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How Flooding Fields Could Alleviate Water Supply Stress

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A flooded field at Terranova Ranch. (Phil Bachand and Don Cameron, Terranova Ranch)

This past weekend’s rain was too little, too late, to save Northern California from tight water supplies this summer. Another dry year for the state means farmers will be scrambling for water, and once again pumping from undergound water supplies. But too much pumping has overdrawn some aquifers, causing the land to sink in parts of California’s farm belt. And some farmers are turning to a unique solution.

The Sinking Valley

Levee manager Reggie Hill calls this riverbed the Grand Canyon of Madera County. Its rapid erosion is caused by the land sinking downstream. (Sasha Khokha/KQED)
Levee manager Reggie Hill calls this riverbed the Grand Canyon of Madera County. Its rapid erosion is caused by the land sinking downstream. (Sasha Khokha/KQED)

A meadowlark sings on a telephone pole, perched high above rows of gnarled grape vines in rural Madera County. But there’s another way to get a bird’s-eye view of these vineyards.

Reggie Hill unlocks a metal gate that opens onto the levees that rise more than twelve feet above the fields and orchards here. “Watch out for holes,” he warns. “There’s a lot of rodents out here.”

Hill is in charge of 191 miles of levees along the lower San Joaquin River, which can flood in big snowmelt years. Federal and state officials check to make sure these berms are high enough to protect crops, farmhouses and schools. But over the last few years, Hill says, something strange has started to happen.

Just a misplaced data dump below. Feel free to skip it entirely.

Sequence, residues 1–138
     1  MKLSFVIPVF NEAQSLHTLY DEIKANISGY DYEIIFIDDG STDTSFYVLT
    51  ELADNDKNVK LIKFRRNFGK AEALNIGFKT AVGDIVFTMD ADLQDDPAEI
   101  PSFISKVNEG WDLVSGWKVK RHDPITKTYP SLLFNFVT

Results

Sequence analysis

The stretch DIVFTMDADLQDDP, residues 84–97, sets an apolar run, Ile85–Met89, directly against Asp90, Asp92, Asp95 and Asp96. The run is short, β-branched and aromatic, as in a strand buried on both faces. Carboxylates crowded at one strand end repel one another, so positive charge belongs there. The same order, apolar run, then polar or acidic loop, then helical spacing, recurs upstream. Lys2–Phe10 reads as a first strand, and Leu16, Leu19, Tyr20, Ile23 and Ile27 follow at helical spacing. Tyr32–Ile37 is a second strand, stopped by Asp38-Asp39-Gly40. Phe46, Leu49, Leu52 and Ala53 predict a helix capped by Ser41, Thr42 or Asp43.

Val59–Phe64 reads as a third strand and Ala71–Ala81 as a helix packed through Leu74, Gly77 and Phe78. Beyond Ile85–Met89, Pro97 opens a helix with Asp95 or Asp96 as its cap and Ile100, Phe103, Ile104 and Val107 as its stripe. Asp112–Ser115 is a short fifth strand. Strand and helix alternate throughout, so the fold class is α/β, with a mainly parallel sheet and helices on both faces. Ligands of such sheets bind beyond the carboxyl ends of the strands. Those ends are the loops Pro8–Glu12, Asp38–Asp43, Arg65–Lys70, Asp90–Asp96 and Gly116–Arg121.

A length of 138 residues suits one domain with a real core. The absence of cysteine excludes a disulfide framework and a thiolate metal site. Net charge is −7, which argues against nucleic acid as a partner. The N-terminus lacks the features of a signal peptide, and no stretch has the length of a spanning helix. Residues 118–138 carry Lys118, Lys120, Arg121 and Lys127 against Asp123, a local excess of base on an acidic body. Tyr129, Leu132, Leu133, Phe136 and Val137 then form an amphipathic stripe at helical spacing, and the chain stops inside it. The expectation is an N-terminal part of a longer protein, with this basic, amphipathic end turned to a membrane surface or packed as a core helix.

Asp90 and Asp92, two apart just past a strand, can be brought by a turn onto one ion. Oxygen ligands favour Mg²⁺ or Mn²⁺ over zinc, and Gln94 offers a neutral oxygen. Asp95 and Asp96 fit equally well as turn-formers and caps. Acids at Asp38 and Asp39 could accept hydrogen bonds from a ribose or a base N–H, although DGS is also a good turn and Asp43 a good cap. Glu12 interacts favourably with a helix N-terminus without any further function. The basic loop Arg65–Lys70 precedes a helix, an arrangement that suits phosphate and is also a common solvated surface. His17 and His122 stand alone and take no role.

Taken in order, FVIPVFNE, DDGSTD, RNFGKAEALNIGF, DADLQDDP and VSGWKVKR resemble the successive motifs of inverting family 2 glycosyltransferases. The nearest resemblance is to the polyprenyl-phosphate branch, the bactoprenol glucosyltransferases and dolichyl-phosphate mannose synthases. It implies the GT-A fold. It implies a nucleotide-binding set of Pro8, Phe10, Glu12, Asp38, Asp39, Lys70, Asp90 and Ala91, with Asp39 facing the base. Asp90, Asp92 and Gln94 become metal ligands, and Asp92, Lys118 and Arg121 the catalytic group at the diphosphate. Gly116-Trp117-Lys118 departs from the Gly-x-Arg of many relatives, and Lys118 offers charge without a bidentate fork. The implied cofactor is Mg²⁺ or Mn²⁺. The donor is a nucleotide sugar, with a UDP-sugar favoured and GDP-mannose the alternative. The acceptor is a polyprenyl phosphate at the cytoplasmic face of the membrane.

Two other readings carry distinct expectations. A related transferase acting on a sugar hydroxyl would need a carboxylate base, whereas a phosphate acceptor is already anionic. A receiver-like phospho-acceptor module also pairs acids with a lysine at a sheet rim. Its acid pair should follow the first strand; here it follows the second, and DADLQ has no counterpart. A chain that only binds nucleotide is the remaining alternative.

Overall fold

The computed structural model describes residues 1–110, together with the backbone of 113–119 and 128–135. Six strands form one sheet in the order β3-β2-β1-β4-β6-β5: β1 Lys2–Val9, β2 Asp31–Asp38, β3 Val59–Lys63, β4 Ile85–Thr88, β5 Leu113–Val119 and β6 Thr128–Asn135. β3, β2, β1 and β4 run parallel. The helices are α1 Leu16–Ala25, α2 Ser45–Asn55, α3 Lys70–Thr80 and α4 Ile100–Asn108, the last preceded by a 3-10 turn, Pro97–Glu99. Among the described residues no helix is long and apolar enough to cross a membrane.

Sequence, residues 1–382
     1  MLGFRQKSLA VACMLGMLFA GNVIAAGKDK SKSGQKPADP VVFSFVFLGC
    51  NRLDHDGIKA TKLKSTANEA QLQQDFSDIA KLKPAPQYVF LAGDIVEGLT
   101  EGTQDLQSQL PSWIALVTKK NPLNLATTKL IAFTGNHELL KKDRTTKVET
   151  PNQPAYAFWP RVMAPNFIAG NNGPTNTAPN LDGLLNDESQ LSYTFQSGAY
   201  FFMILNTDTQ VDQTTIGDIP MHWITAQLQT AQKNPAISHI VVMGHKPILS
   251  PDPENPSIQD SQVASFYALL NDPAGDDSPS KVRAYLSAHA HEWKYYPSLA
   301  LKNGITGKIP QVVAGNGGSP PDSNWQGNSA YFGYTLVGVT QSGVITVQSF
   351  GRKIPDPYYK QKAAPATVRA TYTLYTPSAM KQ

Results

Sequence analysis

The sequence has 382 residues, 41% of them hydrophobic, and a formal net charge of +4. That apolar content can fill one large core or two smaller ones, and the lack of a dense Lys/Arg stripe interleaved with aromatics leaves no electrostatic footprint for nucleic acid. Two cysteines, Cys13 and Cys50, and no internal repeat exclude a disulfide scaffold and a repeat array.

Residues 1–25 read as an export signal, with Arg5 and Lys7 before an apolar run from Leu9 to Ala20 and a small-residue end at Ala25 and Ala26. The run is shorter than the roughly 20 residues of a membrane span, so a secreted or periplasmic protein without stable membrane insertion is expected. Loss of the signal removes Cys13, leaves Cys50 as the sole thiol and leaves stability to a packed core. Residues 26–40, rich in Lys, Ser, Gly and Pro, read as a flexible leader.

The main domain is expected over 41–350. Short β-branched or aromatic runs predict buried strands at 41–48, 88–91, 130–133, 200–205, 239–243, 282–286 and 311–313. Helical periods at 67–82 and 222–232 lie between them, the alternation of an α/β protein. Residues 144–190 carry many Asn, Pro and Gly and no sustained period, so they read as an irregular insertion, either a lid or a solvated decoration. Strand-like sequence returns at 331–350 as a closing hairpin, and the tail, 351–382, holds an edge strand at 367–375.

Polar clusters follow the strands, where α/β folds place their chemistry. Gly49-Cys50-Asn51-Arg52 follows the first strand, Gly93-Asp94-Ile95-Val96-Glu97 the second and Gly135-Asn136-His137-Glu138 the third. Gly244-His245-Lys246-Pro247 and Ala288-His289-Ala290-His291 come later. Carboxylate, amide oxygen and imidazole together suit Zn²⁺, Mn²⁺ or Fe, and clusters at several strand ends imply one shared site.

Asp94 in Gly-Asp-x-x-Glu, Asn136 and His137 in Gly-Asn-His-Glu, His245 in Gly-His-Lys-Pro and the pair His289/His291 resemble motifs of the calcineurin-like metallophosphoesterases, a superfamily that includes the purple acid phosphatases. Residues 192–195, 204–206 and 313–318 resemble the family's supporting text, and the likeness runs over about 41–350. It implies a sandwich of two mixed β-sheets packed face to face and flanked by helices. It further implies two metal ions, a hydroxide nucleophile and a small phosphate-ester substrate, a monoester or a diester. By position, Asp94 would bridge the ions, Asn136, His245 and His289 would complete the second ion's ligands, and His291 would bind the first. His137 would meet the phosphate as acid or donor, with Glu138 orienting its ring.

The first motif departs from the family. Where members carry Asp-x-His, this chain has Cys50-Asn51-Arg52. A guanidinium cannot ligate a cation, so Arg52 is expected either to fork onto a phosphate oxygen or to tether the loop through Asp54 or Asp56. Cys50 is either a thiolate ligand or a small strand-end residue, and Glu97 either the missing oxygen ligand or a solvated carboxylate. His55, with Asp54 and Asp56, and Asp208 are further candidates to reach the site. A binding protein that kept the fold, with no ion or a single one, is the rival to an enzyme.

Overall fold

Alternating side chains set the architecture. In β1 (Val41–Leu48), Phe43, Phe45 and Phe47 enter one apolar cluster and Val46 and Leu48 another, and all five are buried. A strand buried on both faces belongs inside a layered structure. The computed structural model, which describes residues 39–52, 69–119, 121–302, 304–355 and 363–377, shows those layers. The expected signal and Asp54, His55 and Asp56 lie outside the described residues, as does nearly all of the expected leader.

Subsidence in the Central Valley. Click to see a larger version of the map. (USGS)
Subsidence in the Central Valley. Click to see a larger version of the map. (USGS)

“They came out here, did a survey,” he explains, “and then the next time, came out to finish up their survey, none of their elevations matched. Took them a while to figure out it isn’t that we made a mistake, the land is changing.”


Measurements show the land here is sinking about a foot a year, as thirsty cities and farms pump water from aquifers that lie deep underground, below a thick layer of clay.

Chasing Water

“The more demand for water, the deeper they’re starting to chase the water,” says Hill. Wells in this part of the Valley that used to find water 300 feet below ground level, now reach down nearly 900. "They’re chasing water," he tells me, "and what happens is they start pulling water out from under these clay layers, and these clay layers collapse. And it can’t come back.”

That rapid sinking, called subsidence, is some of the fastest ever measured in the Central Valley, says Michelle Sneed, a hydrologist with the U.S. Geological Survey. “A foot a year is quite fast, and hard to engineer against for things like bridges and dams and roadways,” says Sneed.

But what if there were a way to both keep the Central Valley’s taxed underground aquifers from drying up, and the land from sinking?

The Flooding Fields